Marquis de Condorcet
Marie Jean Antoine Nicolas de Caritat, Marquis of Condorcet (17 September 1743 – 29 March 1794), known as Nicolas de Condorcet, was a French philosopher and mathematician. His ideas, including support for a liberal economy, free and equal public instruction, constitutional government, and equal rights for women and people of all races, have been said to embody the ideals of the Age of Enlightenment and Enlightenment rationalism. He died in prison after a period of flight from French Revolutionary authorities.
- Enjoy your life without comparing to that of others. It is enough for you to know that you are good, without examining whether others are as good as you.
- Advice to his daughter (written in hiding March 1794), quoted in Lukes, S., & Urbinati, N. (Eds.). (2012). Condorcet: Political Writings (Cambridge Texts in the History of Political Thought). Cambridge: Cambridge University Press. doi:10.1017/CBO9781139108119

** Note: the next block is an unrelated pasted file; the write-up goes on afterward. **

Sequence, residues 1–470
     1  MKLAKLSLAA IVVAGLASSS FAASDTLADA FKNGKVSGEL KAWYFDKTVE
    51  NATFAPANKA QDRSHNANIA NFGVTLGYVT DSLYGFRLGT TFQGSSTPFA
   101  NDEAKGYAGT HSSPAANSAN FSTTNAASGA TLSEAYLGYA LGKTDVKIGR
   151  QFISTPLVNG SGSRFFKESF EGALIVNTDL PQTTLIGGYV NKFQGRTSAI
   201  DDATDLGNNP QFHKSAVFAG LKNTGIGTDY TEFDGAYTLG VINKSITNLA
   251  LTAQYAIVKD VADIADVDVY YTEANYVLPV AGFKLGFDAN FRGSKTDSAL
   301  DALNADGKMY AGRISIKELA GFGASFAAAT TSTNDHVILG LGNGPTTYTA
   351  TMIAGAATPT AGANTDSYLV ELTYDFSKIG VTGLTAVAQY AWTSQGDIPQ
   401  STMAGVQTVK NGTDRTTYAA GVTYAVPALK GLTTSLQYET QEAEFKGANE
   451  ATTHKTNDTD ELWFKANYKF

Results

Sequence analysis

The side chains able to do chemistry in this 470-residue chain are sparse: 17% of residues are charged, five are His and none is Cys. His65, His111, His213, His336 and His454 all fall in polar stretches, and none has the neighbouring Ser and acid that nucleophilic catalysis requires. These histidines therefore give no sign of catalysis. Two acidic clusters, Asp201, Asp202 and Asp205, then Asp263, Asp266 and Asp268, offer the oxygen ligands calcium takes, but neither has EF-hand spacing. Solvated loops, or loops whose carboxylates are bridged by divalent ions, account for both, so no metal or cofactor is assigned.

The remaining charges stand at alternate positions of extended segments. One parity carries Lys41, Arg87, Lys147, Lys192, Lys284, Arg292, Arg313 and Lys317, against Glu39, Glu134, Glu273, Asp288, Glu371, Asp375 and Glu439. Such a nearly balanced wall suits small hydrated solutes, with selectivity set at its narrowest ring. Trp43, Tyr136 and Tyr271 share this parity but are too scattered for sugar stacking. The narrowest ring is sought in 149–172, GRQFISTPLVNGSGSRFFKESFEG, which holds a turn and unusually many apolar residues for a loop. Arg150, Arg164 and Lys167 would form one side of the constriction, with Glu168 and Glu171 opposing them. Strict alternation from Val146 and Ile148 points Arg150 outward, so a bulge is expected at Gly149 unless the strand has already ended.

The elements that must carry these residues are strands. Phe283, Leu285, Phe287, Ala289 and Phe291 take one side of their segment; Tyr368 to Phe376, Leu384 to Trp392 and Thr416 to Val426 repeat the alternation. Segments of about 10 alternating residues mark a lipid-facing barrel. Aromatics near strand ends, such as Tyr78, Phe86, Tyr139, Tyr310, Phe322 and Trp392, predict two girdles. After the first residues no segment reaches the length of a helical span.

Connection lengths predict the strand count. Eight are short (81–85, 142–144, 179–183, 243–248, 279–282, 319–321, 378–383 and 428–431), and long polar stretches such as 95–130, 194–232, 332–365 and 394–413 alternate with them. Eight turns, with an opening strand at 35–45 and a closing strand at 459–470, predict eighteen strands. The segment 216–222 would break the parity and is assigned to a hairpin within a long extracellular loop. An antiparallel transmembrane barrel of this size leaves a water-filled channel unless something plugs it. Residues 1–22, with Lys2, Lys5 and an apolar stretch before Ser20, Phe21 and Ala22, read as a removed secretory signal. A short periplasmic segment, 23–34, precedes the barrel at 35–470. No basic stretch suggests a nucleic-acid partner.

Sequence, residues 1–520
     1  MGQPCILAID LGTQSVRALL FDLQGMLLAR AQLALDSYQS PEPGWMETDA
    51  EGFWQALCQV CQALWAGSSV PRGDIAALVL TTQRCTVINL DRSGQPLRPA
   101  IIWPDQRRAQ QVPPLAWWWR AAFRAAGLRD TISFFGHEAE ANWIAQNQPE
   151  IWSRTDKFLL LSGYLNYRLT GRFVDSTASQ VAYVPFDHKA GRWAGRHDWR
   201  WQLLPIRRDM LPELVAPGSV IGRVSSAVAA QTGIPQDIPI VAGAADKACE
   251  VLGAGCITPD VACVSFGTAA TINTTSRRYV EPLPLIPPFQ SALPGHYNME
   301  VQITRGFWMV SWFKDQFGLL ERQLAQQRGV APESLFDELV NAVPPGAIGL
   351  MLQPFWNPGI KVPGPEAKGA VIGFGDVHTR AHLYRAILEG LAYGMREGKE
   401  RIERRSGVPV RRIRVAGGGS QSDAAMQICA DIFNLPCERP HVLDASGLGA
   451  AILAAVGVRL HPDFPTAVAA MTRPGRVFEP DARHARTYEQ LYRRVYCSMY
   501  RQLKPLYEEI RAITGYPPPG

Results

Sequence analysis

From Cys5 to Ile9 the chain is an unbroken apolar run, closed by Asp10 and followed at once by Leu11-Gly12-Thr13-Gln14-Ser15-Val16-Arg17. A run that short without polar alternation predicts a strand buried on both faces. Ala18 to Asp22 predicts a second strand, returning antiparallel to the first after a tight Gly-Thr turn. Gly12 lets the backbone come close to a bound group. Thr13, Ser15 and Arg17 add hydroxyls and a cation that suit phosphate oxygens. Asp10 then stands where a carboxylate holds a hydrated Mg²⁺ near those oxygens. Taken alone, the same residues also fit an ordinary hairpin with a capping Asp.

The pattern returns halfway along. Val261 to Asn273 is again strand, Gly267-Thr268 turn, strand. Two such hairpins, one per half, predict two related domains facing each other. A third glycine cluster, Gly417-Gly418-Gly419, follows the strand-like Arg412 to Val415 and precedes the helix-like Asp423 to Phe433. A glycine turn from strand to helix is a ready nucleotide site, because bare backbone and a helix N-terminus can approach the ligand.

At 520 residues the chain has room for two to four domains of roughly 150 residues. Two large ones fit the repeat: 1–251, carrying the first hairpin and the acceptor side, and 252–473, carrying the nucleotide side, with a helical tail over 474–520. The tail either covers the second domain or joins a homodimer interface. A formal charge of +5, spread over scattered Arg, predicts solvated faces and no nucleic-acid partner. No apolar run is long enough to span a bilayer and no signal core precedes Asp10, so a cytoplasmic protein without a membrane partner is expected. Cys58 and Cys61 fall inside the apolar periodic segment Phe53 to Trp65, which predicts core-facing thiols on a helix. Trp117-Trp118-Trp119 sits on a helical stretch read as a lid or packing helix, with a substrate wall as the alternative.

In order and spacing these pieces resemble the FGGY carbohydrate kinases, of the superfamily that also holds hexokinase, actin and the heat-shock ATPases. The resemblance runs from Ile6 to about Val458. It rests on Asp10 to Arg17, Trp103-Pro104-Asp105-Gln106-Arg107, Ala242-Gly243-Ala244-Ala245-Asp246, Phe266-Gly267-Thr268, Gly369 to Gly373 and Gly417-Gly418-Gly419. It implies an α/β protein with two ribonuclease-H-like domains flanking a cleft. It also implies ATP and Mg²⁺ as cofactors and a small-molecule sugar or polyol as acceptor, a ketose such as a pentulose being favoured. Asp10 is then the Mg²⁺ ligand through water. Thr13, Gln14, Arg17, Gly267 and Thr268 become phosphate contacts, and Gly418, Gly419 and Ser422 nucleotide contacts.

- Has not printing freed the education of the people from all political and religious shackles? It would be vain for any despotism to invade all the schools ... The instruction that every man is free to receive from books in silence and solitude can never be completely corrupted. It is enough for there to exist one corner of free earth from which the press can scatter its leaves. How with the multitude of different books, with the innumerable copies of each book, of reprints that can be made available at a moment’s notice, how could it be possible to bolt every door, to seal every crevice through which truth aspires to enter?
- Sketch for a Historical Picture of the Progress of the Human Mind, 1794 (New York: The Noonday Press, 1955) p.102.